Marie Kondo started a minimalism craze with her book, "The Life Changing Magic of Tidying Up: The Japanese Art of Decluttering and Organizing." Her method, which involves only keeping items that truly bring joy, has transformed messy homes and cluttered minds for many readers.
As someone who loves Kondo's books, I was excited to get my hands on "Goodbye, Things: The New Japanese Minimalism" by Fumio Sasaki. Reading it reignited my desire to stay true to simple, minimalist methods and to pass them on to my kids.
Some people shy away from the idea of minimalism because they view it as a system that demands deprivation instead of simplicity. However, minimalism doesn't have a checklist of items that are or aren't allowed. There are no specific requirements. It's a movement that's more about personal growth and conscientious living than it is about trying to win a prize for owning the least number of things.
While some people, like Sasaki, take it to the point of having one bowl and a single towel, with only a roll-out mat to sleep on, for most people embracing minimalism doesn't go quite that far. Regardless of what it looks like for each individual, it can teach our kids important life lessons they can carry into their adult lives.
There is nothing wrong with desiring an item, but many kids and adults have lost the ability to actually distinguish between a want and a need. For those of us lucky enough to have the essentials covered, it's easy to consider our wants necessary because food, shelter, and other basics are something we've never struggled to have. We start desiring more and calling it need.
Minimalism causes adherents to stop and think about if they actually need an item, or if their want is strong enough to justify its existence in their lives. There's a pause and an acknowledgment that buying something will not offer us permanent happiness, so if we're only grabbing an item for the quick high purchasing offers, it's a bad idea. This is an essential lesson for kids, and one they should learn young.
Minimalism is not just about physical items, though that is the best place to start purging. Minimalism is about getting rid of distractions, whether they are material distractions or mental distractions, that zap our energy. Worrying about money, storage, or organization takes away time and offers mental stress, something minimalism helps alleviate.
Teaching kids that things don't have to be their masters frees them to let go of items that aren't worth keeping. They don't have to remain consumers.
Those who try minimalism may also analyze food and free time choices. It could lead to eating simpler meals and cutting out processed foods, focusing on less. Parents and kids may practice minimalism magic on their calendars, opting for less activities with a more meaningful focus.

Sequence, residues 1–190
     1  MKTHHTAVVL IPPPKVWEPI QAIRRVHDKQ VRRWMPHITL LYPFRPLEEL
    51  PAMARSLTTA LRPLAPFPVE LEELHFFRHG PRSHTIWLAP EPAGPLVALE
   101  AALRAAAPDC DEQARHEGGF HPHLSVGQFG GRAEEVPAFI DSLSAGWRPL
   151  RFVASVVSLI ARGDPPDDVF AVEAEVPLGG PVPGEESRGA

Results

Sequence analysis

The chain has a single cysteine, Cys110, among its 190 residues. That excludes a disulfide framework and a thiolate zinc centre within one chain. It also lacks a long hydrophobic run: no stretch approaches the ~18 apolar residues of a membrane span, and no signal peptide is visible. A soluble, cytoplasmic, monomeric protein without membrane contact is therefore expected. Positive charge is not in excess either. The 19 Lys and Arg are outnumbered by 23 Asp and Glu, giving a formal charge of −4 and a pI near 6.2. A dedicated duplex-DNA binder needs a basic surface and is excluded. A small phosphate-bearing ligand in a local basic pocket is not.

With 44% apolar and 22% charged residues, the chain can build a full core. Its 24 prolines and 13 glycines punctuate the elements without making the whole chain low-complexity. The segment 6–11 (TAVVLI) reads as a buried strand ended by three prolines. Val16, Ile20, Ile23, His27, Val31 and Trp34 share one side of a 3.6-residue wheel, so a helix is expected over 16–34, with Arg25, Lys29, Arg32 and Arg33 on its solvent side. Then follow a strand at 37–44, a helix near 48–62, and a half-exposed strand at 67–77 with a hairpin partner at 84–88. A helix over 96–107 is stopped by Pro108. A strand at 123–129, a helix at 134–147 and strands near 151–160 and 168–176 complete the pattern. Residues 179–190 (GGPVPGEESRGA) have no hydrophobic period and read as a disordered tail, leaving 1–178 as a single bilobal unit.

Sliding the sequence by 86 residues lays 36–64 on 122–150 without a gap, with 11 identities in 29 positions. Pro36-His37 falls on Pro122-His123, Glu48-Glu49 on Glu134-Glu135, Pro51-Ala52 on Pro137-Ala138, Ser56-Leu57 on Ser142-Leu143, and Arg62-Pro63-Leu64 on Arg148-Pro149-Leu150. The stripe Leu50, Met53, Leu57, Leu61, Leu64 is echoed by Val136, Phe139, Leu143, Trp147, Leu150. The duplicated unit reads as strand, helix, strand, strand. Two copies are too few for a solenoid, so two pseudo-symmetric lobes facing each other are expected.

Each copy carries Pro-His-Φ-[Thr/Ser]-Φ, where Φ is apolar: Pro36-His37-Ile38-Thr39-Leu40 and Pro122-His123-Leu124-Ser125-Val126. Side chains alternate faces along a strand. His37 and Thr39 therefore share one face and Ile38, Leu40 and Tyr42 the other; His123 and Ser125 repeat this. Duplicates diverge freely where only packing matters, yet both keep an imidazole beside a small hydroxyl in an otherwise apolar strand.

Many find they are also more intentional about technology use, opting to set aside times to perform tasks online instead of letting it be an all-day interruption that simply takes up time. All of these changes offer the freedom of less.
Minimalism often opens up time for its adherents, and it also helps them value experiences over things. Experiences make us happier than material items anyway, according to a study from San Francisco State University. The short-lived thrill of a purchase fades, but memories of experiences bring us joy long after the experience is over, enriching our happiness.
Experiences don't have to be exotic or expensive, though they can be. They simply need to offer a child memories he will enjoy looking back on that will last longer than that trendy toy he thought he wanted.
Minimalism is a journey of self-discovery, with the focus on making our lives work for us. In this way, comparisons are of no use. It doesn't matter how much or how little those around us choose to consume. We exit the game where participants constantly compare their purchases and nice things to someone else's.
This is a great lesson for kids because it's easy for them to look around and assume they are supposed to have the same items other children do. By focusing on minimalism, we are teaching kids to develop self-control and think about how having less things, a more open schedule, and less stress helps them. They can then make choices that positively affect their lives without worrying about anyone else's decisions.
We believe that giving our kids things is a way to show love, but for unorganized kids, it can be an overwhelming burden to carry. I know because I was one, and I'm now an unorganized adult who is helped tremendously by the practice of minimalism.
I needed to be a minimalist in the 1980s (when it wasn't common) because I didn't care for things, but I would have loved the mental clarity and lack of guilt that comes with being able to properly sort a few items.
Unorganized kids can be unburdened quickly if they learn how to prioritize their wants and needs, find a special place for the items they deem essential, and learn some basic skills for keeping things sorted. It builds confidence in kids who can otherwise snap under the pressure of handling more than they are capable of.
Having less can truly make us more thankful for what we have. Having more doesn't particularly make us grateful for it. If anything, having more can make kids expect more instead of being thankful for what they have.
Helping kids embrace minimalism in every aspect of their lives promotes being grateful for the big and little things in life. It can leave our kids happy with less instead of always thirsting for more.